LUBRICATION Lubricate all the fittings with approved marine grease. Hood latches and other sliding parts work easier with a slight film of lube. Use silicone spray on carb linkages, contrary to the glob of grease that some factories recommend. Avoid spraying around the starter drive to prevent it from slipping. If you have a fuel injected Yamaha OX66, keep silicone away from the oxygen sensor located on the starboard side. Use care with a petroleum-based coatings if you spray it on the engine for corrosion prevention. Sparkplug wires, rubber and plastic could be affected. A greasy film will attract dirt and grit, plus it makes future servicing a sticky messy ordeal. You will spend extra time and shop rags cleaning off your hands and tools quite often to keep fingerprints from the boat’s upholstery, trim, and gelcoat.
4-strokes require and oil and filter change which is best done while the motor is warm. An experienced technician will soon learn a servicing sequence that will maximize his efficiency in performing the tune-up procedure in the shortest amount of time. For best results use an FC-W certified 4-stroke outboard oil if you do not use the manufacturer’s oil. That way it prevents any question of improper lubricant use should a warranty situation arise down the road.
LINKAGE Synchronization of the spark timing to the throttle opening and the removal of the carb or throttle body linkage free-play are known as “sync and link” adjustments. Service manuals show detailed step by step instructions because of the importance of these settings for a smooth running motor. Do not overlook the oil pump linkage adjustments on certain 2-stroke engines.
Electronic fuel injected motors may require a throttle position sensor (TPS) adjustment using a digital voltmeter. Again, follow the manual exactly for this critical setting.
WARNING SYSTEMS Test the integrity of the alarm systems. With the key on and motor off, disconnect the temp sender wire connector and ground it with a test lead. The warning horn should sound. On System Check gauges, the overheat LED will illuminate but the buzzer will not activate unless the motor is running. It is wise to test oil pressure switches and water-in-filter sensors if equipped per the service manual. Digital dash gauges may have different procedures.
FUEL and OIL Using a clean glass jar to inspect a fuel sample from the engine. It should be clean and clear with no debris, water or varnish smell. A turkey-baster works well for sampling the bottom of a remote oil tanks for sludge, water, or gelled oil. The engine mounted tanks on V4 and V6 Yamahas collect condensation in a 2” clear hose and should be examined regularly. Suzuki and Yamaha recommend the annual replacement of the oil filter assembly between the tank and the oil pump.
Replace and/or clean all boat mounted and motor mounted filters. If there is no boat mounted fuel-water separator, suggest one for your customer and emphasize its importance with today’s ethanol fuels which attract moisture. Pour the correct amount of a fuel additive into the gas tank to help clean out the system and to stabilize the fuel. This is very important if ethanol E-10 gasoline is used. Inspect the condition of the hoses, clamps, and any fuel valves.
ELECTRICAL SYSTEM Use an ammeter in conjunction with a voltmeter to test the electrical system. Crank the engine for about 15 seconds with the kill switch removed. A healthy battery will show 10 volts or more during cranking or test it with a quality load tester. Make sure the battery terminals and cable ends are shiny clean and replace any wing-nuts with regular nuts and lock-washers for secure connections. Distilled water is recommended for topping off regular batteries. According to ABYC standards the positive terminals should be protected with vinyl covers if the battery is not mounted in a covered box and the battery is to be securely tied down so it will not move around in rough water.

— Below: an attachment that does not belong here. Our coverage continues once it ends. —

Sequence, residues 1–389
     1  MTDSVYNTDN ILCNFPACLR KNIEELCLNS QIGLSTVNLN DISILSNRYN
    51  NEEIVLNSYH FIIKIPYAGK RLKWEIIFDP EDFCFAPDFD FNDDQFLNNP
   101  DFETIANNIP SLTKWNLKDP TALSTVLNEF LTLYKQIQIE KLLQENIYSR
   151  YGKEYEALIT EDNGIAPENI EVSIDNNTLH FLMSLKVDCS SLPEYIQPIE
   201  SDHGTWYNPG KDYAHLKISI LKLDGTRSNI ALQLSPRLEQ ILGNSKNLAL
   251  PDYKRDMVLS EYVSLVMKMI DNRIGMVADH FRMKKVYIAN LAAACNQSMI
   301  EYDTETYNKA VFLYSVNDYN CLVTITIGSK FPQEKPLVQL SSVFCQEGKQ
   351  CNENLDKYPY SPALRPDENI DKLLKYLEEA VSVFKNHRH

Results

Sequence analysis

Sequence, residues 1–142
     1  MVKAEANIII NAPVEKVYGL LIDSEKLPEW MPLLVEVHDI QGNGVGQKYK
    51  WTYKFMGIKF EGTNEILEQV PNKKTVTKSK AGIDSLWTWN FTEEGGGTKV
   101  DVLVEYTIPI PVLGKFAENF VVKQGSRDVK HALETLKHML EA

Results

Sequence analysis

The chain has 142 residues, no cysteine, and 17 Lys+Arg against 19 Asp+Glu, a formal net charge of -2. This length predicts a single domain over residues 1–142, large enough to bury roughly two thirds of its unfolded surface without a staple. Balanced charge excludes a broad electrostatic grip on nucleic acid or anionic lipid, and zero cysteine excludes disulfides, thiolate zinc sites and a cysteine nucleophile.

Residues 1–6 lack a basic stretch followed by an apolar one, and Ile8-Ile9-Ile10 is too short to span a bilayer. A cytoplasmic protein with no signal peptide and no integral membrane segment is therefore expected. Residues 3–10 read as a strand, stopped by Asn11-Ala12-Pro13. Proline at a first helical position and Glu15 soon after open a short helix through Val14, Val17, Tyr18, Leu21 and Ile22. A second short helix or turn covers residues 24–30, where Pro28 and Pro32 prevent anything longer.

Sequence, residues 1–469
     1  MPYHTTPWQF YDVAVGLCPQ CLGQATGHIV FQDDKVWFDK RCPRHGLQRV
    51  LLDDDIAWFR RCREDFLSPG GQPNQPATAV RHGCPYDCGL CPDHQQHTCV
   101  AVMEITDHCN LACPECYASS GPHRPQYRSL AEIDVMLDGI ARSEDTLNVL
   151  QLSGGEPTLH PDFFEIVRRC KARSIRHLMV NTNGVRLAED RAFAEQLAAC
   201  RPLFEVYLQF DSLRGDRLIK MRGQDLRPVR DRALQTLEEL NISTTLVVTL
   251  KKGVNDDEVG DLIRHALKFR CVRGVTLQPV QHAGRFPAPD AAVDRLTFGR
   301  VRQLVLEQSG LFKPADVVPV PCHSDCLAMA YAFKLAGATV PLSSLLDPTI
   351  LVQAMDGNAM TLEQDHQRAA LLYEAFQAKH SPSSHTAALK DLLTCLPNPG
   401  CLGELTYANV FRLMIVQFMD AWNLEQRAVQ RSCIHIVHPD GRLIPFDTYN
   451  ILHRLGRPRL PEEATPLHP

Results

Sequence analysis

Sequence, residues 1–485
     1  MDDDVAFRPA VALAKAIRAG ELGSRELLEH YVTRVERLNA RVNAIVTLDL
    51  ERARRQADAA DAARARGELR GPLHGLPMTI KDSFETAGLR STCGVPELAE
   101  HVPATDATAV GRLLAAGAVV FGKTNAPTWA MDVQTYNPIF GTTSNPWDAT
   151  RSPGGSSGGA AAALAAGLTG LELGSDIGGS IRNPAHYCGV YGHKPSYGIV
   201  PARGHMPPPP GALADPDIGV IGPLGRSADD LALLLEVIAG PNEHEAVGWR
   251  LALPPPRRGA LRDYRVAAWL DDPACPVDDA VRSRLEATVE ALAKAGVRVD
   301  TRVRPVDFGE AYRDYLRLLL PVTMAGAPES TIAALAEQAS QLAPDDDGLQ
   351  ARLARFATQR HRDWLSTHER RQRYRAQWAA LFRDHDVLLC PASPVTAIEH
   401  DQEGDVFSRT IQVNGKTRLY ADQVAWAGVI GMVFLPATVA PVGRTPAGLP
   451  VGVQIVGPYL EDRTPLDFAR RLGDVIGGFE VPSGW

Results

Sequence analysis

Start the motor and monitor an inductive ammeter to read the charging output. Compare the results with the service manual specifications. On computer controlled outboards, download an engine report from the ECU and save it with the customer service records. Technically oriented owners may want a copy for themselves. Check for any error codes and correct any recent abnormal indications.
TIMING and TEMPERATURE Set the carb-pickup timing or engine idle timing according to the service manual in addition to the linkage adjustments. Thermostat operation can be checked with an infrared temp gun or the finger method. If you can hold your fingers on top of each cylinder head for more than 3 full seconds, chances are that the engine is not warming up enough for proper operation. CARBON CLEANING Periodic use of a carbon remover is essential to long outboard life by keeping the rings and the pistons free of accumulated combustion byproducts on both 2-stroke and 4-stroke outboards. Cleaners like Mercury’s Power Tune, Yamaha’s Combustion Cleaner, or Evinrude’s Engine Tuner have instructions on the can. After waiting the recommended amount of time, run the engine for at least 15 minutes at low speed to clean things out before applying full power. Do this before changing engine oil and filter in a 4-stroke. For even better cleaning, add the proper quantity of a fuel additive carbon cleaner to the gas tank according to the manufacturer’s policies.
FINAL ADJUSTMENTS Idle speed and carb adjustments (if equipped) must be done in the water for proper exhaust backpressure, not on a hose flusher. Use an accurate tachometer and be patient while getting everything “dialed in” perfectly. Some multi-carb and certain EFI engines may need intake vacuum balancing for a smooth and consistent idle. Do not overlook valve adjustments that may be required at specified intervals. Although they are not often part of a regular tune-up, they are an important procedure affecting the drivability and longevity of a 4-stroke outboard.
Run the boat at all speeds after carefully setting the full throttle timing if required. Check that the top operating rpm is within the upper half of the factory recommended range for best performance. read less